Beetroot, Harleigh, Falling, Spy… Short Plays Tell Bodmin’s Alternative WW1 Stories
Four short plays have been specially commissioned for The Trench Bodmin and will tell the alternative stories of Bodmin during the First World War. As seen in the outdoor production of The Trench Bodmin, there are strands of truth woven throughout these plays, which will take on various elements of Bodmin’s history during the First World War.
These performances will include a mix of professional and community actors, and will take place in the loft spaces of Bodmin Keep on selected dates at 5pm (run time approx. 45 minutes), before the Trench experience starts at 6pm. Please note that due to the intimate and atmospheric venue, tickets for the short plays will be limited.
Tickets for these performances will be £5 each and will go on sale at the same time as tickets for The Trench Experience – you can purchase tickets to watch just one or all four, and you are welcome to come for the plays alone, or enjoy them as part of the Trench experience.
About the plays:
Beetroot Pie By Dominic Power, Directed by Michael Tonkin-Jones 18, 21, 22, 23 June. 5:00pm start. Run time approx. 45 mins.
At the outbreak of the Great War in 1914, the Agar-Robartes family of Lanhydrock House try to maintain their lives of aristocratic rural luxury. Dozens of Cornishmen and women are employed in the house and grounds, and the family’s splendid houses in London, Cambridgeshire and Cornwall are hives of influence on the government. However, their servant’s lives are also irrevocably drawn into the tragic theatre of European conflict. Beetroot Pie follows Eliza Treggy - widow of Lanhydrock Parish and cook at the grand house, and tells the stories of the people of Lanhydrock, as well as the saddened, grand family dependent on them throughout The Great War and into their twentieth-century lives.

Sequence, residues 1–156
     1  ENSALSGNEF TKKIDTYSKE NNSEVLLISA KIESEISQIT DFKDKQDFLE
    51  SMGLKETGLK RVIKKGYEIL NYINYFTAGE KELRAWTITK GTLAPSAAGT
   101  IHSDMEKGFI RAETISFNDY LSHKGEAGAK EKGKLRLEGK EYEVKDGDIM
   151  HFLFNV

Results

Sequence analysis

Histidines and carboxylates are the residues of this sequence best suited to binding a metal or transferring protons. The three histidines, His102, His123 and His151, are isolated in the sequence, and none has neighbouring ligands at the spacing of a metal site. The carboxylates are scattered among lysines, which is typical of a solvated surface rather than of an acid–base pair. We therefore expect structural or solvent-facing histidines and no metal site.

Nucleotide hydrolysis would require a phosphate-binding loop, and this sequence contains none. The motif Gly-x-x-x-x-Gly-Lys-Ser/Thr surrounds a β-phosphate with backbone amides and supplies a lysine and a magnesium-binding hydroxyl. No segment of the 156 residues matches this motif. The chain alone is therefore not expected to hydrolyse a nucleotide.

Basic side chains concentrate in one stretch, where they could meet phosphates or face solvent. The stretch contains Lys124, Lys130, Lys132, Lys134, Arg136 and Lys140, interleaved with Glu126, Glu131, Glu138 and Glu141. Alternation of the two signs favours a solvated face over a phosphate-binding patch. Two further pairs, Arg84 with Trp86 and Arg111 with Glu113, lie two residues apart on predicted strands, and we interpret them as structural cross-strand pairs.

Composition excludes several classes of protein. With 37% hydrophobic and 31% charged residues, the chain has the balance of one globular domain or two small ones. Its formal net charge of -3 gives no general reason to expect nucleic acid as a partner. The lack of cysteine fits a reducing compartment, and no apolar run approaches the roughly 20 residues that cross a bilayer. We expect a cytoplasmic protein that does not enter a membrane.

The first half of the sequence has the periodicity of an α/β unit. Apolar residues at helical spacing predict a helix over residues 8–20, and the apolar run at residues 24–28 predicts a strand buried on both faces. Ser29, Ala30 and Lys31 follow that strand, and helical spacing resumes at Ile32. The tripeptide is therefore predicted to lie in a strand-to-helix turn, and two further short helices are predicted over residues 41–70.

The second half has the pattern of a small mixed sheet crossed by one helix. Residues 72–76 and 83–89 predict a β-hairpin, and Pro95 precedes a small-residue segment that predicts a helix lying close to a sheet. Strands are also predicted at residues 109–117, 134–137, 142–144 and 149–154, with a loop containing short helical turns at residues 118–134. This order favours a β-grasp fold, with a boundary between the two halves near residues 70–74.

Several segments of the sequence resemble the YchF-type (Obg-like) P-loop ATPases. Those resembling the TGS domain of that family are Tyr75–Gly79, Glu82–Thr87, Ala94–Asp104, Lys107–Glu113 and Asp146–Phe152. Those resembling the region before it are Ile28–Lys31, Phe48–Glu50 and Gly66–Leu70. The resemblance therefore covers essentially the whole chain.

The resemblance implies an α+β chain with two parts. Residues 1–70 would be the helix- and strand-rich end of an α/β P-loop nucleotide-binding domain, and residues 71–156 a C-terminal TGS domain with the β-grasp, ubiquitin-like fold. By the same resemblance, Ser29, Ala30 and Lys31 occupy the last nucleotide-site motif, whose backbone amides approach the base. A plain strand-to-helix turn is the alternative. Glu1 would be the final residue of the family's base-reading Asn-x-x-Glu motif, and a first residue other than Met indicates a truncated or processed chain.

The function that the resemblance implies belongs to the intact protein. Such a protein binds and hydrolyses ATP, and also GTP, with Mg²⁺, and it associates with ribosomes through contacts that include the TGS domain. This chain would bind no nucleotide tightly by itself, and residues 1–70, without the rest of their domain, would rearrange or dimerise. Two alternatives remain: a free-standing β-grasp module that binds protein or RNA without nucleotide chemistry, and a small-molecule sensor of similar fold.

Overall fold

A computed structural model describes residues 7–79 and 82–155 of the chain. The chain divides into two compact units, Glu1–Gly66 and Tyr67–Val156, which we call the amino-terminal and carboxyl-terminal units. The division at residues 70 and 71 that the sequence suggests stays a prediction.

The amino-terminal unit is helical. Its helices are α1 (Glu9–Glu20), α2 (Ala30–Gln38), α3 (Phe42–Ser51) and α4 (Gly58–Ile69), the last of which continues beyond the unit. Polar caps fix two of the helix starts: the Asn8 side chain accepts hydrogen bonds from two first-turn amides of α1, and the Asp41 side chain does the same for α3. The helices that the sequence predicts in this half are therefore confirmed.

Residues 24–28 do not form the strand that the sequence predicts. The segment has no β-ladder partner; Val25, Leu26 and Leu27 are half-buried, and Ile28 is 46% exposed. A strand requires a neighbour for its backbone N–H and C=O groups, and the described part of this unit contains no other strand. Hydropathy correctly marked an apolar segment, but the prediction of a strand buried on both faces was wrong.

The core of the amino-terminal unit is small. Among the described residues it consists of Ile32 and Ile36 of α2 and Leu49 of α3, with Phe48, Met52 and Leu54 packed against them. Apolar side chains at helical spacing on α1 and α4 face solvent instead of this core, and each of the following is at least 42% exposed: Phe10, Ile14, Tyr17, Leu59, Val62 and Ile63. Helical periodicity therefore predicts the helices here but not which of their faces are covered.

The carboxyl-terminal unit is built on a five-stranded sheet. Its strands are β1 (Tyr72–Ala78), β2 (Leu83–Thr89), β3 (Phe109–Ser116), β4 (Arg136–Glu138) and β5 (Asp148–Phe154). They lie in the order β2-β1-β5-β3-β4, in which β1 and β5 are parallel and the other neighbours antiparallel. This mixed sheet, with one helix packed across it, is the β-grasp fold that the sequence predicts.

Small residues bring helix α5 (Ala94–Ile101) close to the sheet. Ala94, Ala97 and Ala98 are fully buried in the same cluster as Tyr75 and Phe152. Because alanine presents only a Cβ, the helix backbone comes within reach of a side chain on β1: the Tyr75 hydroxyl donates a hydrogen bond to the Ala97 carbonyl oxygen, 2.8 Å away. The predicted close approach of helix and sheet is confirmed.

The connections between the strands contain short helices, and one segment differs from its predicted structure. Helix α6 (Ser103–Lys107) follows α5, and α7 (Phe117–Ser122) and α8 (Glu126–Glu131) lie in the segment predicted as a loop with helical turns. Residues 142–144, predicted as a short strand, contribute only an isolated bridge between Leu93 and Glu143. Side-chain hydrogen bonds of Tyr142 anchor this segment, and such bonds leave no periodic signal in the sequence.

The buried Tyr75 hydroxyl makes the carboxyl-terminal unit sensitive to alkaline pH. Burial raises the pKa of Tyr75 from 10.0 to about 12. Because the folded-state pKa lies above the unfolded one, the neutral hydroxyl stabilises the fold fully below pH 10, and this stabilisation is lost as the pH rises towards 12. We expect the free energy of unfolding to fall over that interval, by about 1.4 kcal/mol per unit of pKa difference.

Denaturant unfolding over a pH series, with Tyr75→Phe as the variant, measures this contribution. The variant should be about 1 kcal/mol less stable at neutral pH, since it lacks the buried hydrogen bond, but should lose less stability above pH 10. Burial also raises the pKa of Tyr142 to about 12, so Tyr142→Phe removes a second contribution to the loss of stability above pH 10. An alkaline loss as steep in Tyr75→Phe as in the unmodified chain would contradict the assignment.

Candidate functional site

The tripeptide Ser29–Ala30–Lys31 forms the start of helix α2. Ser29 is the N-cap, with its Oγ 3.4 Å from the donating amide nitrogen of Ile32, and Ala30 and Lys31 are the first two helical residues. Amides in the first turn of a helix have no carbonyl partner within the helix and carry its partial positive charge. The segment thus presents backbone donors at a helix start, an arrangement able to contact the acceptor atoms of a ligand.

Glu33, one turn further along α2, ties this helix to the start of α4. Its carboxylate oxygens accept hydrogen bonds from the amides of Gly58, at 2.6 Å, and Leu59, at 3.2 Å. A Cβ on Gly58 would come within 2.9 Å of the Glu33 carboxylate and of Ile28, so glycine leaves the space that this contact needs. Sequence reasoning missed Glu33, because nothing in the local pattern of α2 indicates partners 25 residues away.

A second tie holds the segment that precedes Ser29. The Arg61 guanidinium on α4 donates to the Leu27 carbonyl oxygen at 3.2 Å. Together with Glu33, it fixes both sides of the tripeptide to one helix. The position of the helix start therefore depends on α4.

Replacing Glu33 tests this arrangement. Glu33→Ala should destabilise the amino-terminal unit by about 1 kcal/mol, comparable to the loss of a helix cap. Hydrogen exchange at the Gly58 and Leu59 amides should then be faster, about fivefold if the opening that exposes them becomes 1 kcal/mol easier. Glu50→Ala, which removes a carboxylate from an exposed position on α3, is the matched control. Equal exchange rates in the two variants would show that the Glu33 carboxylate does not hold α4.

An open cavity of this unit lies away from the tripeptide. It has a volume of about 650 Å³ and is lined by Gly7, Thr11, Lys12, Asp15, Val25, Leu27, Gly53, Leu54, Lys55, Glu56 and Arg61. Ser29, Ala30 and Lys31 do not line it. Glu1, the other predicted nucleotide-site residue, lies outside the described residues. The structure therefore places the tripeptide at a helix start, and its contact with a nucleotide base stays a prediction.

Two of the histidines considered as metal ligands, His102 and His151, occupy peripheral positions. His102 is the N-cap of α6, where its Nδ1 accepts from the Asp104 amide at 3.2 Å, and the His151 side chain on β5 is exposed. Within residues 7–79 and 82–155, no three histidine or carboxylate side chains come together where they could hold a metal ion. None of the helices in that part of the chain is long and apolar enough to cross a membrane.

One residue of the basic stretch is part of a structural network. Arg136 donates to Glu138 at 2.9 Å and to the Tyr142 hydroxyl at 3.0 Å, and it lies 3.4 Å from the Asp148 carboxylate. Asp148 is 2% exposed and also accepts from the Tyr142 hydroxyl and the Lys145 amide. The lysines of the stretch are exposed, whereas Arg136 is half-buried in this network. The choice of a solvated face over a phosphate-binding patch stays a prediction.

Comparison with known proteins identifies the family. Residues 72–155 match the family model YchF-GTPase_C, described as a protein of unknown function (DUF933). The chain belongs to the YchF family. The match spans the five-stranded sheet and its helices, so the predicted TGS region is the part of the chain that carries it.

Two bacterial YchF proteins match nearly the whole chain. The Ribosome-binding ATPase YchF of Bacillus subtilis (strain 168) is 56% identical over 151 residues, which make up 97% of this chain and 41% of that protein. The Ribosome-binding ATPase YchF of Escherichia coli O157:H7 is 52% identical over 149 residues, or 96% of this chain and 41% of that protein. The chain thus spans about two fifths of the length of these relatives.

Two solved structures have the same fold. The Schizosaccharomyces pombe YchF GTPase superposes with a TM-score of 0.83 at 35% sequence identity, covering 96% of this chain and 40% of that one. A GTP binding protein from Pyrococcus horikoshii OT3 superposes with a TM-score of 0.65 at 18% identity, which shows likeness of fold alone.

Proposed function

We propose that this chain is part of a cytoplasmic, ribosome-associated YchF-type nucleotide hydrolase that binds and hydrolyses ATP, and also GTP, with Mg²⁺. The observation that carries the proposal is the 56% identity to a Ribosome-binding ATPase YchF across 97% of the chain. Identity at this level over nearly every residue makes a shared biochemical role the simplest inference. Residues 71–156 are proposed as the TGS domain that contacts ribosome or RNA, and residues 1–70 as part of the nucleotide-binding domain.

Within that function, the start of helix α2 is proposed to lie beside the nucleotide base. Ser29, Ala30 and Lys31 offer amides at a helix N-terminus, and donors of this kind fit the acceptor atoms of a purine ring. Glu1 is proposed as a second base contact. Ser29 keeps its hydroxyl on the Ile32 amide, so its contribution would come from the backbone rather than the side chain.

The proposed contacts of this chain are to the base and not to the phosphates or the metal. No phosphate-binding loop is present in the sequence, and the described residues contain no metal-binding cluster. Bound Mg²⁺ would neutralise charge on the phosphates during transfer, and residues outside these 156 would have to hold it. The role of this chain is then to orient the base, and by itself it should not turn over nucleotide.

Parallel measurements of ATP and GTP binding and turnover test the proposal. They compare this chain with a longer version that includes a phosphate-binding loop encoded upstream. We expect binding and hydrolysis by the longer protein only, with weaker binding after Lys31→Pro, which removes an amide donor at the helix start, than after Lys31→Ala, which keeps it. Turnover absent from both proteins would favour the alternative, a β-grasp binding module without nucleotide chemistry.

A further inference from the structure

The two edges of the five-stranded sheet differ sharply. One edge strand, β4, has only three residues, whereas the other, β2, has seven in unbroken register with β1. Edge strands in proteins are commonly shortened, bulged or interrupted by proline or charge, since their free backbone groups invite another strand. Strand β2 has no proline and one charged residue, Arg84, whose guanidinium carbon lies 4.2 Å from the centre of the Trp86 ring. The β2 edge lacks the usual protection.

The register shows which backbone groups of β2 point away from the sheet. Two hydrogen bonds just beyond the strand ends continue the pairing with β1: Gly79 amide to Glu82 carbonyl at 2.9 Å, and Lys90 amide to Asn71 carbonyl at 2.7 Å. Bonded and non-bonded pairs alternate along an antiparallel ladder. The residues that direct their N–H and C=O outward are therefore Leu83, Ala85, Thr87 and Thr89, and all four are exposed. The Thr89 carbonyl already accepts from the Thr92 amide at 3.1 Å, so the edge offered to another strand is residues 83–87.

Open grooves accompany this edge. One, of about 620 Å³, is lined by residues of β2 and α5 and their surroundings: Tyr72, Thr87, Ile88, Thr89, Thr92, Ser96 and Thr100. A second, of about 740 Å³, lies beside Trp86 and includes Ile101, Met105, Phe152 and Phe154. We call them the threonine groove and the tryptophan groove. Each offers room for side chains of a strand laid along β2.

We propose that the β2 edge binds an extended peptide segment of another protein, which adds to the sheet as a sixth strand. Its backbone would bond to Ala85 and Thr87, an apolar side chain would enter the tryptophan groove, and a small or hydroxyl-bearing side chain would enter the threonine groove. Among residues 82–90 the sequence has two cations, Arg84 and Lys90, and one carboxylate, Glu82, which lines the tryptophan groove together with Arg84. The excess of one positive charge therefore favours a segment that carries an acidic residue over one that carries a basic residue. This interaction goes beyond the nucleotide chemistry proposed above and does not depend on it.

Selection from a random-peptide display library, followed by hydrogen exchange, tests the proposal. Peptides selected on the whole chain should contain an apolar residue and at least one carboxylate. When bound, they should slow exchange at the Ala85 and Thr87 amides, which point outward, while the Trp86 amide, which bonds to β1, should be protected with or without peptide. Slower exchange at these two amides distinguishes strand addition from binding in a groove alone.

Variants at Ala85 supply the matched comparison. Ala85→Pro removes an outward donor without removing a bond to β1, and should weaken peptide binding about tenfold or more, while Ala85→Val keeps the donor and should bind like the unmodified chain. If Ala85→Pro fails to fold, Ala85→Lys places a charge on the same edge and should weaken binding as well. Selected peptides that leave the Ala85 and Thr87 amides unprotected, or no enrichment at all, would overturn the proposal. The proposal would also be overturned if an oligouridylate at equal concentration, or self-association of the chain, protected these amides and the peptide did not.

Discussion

Hip, Hip, Hip-Hurrah for Harleigh By David Rowan, Directed by Jason Sqibb 26, 27, 28, 30 June. 5:00pm start. Run time approx. 45 mins.
At the top of Harleigh Road in Bodmin is the old Grammar School. Today the building hums with modern business activity, but if you listen carefully, the sound of commercial industry fades and becomes the classroom murmur, the sound of playground games and the ringing of the school hand-bell. If it is summer you will certainly hear the knock of bat on cricket ball, the call of the umpire and the ripple of applause. In 1914 Harleigh School won the Cornish Schools’ Cricket Championship. That same year, the Headmaster appealed to the Old Boys to rally to the colours: “Let not their old school be disappointed”. When the Great War ended, 24 names were inscribed on the School Memorial. From the faded pages of old School Magazines, the triumphs, hopes and dreams of schoolboys rise like ghosts, tragic and doomed. Among them are those who played for the School Cricket Team: It is their story we tell in Hip, Hip, Hip-Hurrah for Harleigh.
Falling By Emma Spurgin Hussey, Directed by Sally Crooks 2, 4, 6, 7 July. 5:00pm start. Run time approx. 45 mins.
2018. Following her father’s death, Liv undertakes to finish his family research. As she investigates the First World War experiences of her great great-grandfather, Walter Landry, she soon finds that it is the women he left behind in Cornwall who capture her imagination, yet they have largely been silenced by history. Liv turns detective, piecing together fragments and shadows, questioning Landry’s mother, wife, daughter and servant, until these women’s voices clamour to tell their stories – comic, tragic, angry. In the process, Liv uncovers a family secret, and begins to learn about her father, her grief, and herself.
The Spy Who Loved D. H. Lawrence By Mark Crees, Directed by Hannah Stephens 9, 11, 14, 15 July. 5:00pm start. Run time approx. 45 mins.
1916: war is raging in Europe. So is D. H. Lawrence. Having moved as far away from London as he can get, Lawrence and his German wife, Frieda, rent a cottage near St. Ives. When Lawrence is suspected of working for the enemy, P. C. Penner of St Ives Constabulary is sent undercover. By day, Penner spies on the writer; by night he patrols through Lawrence’s heartfelt novels, books which seem written for him alone. But it is at Bodmin Barracks where their destinies become even more deeply intertwined.
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